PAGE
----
As a songwriter Finch pours people into polka while forcing them out of conventional molds with songs such as “Don’t Forget Your Bucket,” “What Is This Darkness,” and “Do Something Different.” His lyrics chronicle, according to their author, “how you might took at life differently than you have looked at life.” If that sounds cosmic, consider that half of Brave Combo’s appearances are at wedding receptions, no trivial matters. When the band starts kicking the a-one and a-two-uh in a decidedly un-Lawrence Welkian manner, it’s about forgetting your vows and dancing.

The new album A Night on Earth is their fourth on Rounder Records and arguably Brave Combo’s best. Although every band needs a shorthand image in the public’s mind, no one who has ever heard Brave Combo would think that they deliver garden-variety polka. Under Finch’s direction, polka is a universal language, along with about a thousand other dance beats. From the classic big band tango “Jealousy” to Jeff Barnes’s Las Vegas crooning of a cha-cha arrangement of “Hey There” from The Pajama Game, Brave Combo recreates a sonic version of that original Woolworth’s cutout vinyl graveyard in Texarkana. Spice that with Italian wedding medleys and irresistible originals from Finch and Bubba Hernandez, and you have a polka band without limits.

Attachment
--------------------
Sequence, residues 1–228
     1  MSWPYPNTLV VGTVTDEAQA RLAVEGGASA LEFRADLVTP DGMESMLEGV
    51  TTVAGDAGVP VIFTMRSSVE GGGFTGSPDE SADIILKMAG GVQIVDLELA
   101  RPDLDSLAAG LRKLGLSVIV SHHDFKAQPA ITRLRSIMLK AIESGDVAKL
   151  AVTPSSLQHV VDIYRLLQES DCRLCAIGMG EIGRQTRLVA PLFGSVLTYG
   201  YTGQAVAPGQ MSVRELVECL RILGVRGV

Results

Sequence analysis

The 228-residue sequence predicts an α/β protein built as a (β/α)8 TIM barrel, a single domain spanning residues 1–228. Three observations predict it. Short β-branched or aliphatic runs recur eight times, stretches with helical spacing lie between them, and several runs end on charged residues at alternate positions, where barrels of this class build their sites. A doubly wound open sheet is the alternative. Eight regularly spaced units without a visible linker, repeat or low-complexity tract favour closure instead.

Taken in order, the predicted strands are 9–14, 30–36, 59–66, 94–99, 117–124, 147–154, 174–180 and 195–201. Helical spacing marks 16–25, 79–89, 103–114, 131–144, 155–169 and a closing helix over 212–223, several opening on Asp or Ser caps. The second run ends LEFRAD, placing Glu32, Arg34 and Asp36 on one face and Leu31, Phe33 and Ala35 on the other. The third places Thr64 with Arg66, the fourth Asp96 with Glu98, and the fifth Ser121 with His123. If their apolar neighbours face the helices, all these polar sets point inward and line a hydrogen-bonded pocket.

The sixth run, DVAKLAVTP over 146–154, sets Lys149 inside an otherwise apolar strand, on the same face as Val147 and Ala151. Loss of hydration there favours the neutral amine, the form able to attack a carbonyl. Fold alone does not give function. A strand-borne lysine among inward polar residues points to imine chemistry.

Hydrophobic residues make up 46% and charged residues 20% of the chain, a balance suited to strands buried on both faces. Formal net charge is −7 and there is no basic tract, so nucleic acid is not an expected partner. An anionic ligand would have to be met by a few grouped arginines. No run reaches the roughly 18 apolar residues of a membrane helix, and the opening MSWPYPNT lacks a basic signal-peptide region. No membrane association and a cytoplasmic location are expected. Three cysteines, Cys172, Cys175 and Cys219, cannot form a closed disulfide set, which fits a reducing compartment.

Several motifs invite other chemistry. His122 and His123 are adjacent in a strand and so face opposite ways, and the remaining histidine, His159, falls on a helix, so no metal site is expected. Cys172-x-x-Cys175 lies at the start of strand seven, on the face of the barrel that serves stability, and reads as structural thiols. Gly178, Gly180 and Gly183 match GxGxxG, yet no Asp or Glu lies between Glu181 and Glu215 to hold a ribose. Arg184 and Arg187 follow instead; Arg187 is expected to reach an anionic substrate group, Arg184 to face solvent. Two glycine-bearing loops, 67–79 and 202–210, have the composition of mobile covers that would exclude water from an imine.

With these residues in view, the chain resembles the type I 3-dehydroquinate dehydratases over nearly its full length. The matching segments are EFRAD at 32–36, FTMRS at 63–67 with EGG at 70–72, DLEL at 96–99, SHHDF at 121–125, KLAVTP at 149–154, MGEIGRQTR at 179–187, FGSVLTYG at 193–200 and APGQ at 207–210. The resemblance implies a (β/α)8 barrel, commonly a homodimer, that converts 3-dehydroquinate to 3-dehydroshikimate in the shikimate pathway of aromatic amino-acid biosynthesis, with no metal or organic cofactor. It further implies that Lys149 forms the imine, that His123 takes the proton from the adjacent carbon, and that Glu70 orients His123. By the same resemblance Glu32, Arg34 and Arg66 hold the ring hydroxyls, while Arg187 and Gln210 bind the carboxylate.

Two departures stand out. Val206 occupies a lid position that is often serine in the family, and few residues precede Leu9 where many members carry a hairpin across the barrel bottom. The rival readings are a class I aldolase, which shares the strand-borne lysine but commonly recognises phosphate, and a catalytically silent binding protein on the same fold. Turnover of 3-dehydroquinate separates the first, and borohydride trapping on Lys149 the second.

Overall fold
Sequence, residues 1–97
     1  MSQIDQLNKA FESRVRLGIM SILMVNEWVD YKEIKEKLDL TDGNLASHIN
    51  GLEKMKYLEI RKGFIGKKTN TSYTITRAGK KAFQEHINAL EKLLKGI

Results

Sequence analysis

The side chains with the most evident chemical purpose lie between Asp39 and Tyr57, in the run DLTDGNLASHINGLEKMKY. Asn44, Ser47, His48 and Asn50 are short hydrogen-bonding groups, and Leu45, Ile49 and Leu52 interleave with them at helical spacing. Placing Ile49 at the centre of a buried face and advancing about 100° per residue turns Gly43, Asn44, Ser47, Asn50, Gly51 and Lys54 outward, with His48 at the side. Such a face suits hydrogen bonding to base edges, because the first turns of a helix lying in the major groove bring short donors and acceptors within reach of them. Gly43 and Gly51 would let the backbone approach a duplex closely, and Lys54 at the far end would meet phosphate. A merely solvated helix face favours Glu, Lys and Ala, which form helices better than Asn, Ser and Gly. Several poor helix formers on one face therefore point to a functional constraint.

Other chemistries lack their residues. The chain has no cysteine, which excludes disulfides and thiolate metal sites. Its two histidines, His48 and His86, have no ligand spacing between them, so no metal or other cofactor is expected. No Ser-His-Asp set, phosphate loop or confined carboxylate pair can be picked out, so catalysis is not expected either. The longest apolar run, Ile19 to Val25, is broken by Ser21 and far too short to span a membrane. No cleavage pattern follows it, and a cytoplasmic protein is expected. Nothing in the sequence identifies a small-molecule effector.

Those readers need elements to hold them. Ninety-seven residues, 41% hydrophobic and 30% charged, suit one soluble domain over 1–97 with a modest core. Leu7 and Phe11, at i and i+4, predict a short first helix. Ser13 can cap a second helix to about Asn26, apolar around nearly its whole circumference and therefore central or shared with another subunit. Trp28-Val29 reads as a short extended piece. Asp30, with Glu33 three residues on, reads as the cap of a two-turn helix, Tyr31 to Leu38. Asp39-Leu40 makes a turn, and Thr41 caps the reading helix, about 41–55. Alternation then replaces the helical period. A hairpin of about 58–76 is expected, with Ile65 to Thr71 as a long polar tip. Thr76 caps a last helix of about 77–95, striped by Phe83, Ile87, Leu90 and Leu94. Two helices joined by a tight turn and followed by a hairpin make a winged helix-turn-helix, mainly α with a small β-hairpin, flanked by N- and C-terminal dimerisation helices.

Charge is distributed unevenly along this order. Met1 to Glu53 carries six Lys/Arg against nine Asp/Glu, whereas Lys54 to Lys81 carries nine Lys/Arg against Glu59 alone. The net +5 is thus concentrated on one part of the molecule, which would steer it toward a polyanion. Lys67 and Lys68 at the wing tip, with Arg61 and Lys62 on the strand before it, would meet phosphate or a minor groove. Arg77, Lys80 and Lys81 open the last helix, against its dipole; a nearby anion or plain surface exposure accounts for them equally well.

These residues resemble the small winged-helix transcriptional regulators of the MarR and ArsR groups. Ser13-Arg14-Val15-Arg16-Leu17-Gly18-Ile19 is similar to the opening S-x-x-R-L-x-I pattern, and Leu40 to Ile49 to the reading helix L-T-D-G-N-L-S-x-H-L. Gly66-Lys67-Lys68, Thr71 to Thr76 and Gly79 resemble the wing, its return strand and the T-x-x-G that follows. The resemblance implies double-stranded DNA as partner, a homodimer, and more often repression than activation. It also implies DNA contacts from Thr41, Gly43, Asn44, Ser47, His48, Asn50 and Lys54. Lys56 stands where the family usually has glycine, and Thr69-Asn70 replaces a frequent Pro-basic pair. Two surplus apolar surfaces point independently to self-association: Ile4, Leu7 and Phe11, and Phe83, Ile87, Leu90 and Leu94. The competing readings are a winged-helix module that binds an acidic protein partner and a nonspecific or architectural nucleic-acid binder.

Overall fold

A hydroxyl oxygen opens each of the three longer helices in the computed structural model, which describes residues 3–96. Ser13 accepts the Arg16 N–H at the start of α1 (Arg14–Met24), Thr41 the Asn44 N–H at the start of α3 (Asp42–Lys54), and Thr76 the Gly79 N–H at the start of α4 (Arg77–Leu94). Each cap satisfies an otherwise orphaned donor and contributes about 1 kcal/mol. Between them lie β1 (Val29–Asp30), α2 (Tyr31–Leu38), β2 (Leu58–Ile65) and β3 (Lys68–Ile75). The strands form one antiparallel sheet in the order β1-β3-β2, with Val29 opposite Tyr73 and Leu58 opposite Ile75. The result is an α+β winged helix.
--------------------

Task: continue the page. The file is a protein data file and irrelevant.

“Dallas is home for us,” Finch saysabout the band’s roots. “Musically I thinkit’s as much on the cutting edge of what’shappening as any place in the state rightnow. Now that we’ve established this, itwould be nice if bands would pull awayfrom the desire to get a record deal andgo back to music for music’s sake again.The thing that got it happening in thefirst place was that there were a lot ofpeople who were making music from theheart.” -Michael Pellecchia



A good love story is like the perfect little black dress-it never goes out of style. A few favorites:

Now, Voyager (1942), starring Bette Davis, Paul Henried, and Claude Rains. If you’re in the mood for romance, you’ll find it oozing from every celluloid pore of this film classic. Davis plays an ugly duckling from a privileged family who has a nervous breakdown at the hands of her nasty, domineering mother. Rains is the shrink who heats her wounded psyche and transforms her into a graceful swan, leave her sensible shoes behind forever. Henried is the nice married man she meets on a cruise and falls in love with.